Want to read Slashdot from your mobile device? Point it at m.slashdot.org and keep reading!

 



Forgot your password?
typodupeerror
Patents Open Source Software Your Rights Online

Tridgell Recommends Reading Software Patents 173

Posted by timothy
from the you-may-read-the-article dept.
H4x0r Jim Duggan writes "Andrew Tridgell rejected the common fears about triple damages: 'If you've got one lot of damages for patent infringement, what would happen to the project? It's dead. If it gets three lots of damages for patent infringement, what happens to the project? It's still dead.' Tridge then explains the right way to read a patent and build a legal defense: 'That first type of defence is really the one you want, it's called: non-infringement. And that is: "we don't do that. The patent says X, we don't do X, therefore go away, sue someone else, it's not relevant for us." That's the defence you want. [...] Next one, prior art: [...] Basically the argument is: somebody else did that before. It's a very, very tricky argument to get right. Extremely tricky, and it is the most common argument bandied about in the free software community. And if you see it in the primary defence against a patent, you should cringe because it is an extremely unsafe way of doing things.' There are even some tips in the talk specifically for Slashdotters."
This discussion has been archived. No new comments can be posted.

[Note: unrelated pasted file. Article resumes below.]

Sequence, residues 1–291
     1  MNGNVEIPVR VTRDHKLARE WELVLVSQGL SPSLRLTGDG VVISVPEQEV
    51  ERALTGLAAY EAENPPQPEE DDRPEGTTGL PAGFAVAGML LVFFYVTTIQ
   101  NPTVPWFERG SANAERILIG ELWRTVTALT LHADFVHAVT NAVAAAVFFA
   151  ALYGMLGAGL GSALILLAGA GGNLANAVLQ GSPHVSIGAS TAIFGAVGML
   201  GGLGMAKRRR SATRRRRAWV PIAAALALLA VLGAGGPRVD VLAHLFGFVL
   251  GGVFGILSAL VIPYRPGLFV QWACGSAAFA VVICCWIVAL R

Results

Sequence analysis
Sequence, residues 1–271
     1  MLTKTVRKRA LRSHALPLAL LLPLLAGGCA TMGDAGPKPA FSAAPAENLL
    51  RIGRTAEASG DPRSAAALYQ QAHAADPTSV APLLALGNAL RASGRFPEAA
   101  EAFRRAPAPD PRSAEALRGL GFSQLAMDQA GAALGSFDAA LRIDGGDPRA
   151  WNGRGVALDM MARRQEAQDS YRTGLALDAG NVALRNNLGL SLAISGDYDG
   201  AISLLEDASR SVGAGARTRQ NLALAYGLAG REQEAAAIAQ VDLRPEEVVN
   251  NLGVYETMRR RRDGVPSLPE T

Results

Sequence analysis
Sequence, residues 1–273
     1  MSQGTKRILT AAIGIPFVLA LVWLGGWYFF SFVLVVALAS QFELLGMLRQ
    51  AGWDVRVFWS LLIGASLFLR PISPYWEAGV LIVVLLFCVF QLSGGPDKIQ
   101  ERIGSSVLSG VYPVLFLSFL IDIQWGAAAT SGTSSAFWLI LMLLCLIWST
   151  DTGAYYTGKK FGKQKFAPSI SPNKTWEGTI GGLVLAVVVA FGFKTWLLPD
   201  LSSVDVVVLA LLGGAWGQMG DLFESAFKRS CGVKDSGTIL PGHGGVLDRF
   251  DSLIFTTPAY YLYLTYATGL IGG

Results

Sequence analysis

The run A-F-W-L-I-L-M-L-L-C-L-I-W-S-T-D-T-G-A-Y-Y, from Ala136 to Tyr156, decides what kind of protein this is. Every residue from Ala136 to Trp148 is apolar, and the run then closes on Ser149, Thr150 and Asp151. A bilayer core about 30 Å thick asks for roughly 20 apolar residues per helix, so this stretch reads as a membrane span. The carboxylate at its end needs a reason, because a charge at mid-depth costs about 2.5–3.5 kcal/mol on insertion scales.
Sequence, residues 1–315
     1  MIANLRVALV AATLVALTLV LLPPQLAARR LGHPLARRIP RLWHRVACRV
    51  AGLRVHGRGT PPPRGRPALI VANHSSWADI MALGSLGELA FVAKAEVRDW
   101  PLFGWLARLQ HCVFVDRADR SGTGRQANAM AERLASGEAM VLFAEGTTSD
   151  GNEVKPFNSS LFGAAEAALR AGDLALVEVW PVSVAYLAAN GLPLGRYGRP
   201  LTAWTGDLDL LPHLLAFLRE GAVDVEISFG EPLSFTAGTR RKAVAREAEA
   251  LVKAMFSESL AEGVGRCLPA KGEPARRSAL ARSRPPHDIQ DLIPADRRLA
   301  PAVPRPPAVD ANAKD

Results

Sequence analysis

Tridgell Recommends Reading Software Patents

Comments Filter:
  • by Craigj0 (10745) on Wednesday March 24, 2010 @02:16AM (#31594738)

    Trademarks are very different from Patents.
    What you describe is a Trademark infringement.

  • by phantomfive (622387) on Wednesday March 24, 2010 @02:34AM (#31594786) Journal

    And since free software competing with yours is definitely an attack, why not attack?

    He answers that in the article, he says we need to make the OSS community the hardest, meanest thing possible to attack with a patent, and he explains a way to do it:

    Every time an open source project gets sued, we need to find a workaround for the patent, and publicize it loudly, so anyone can use that workaround. The great thing is, after that, the suer would no longer be able to collect royalties from anyone for that patent, because they will just use the workaround. Suing the open source community will be equivalent to losing all potential revenue from your patent. No one will want to do it.

  • by Cochonou (576531) on Wednesday March 24, 2010 @02:45AM (#31594830) Homepage
    There are countries in which there are no software patents [google.fr]. But the copyright law still applies.
  • by jimicus (737525) on Wednesday March 24, 2010 @04:26AM (#31595038)

    > As nice as the world might be if food was free and software had no patents, that isn't the world we live in.

    Remember that software patents are basically non-existant in Europe..

    Not strictly true. Certainly the UK patent office (and I believe some others) have been merrily awarding software patents for some time. Though I don't know of any infringement lawsuits.

  • by Anonymous Coward on Wednesday March 24, 2010 @04:29AM (#31595054)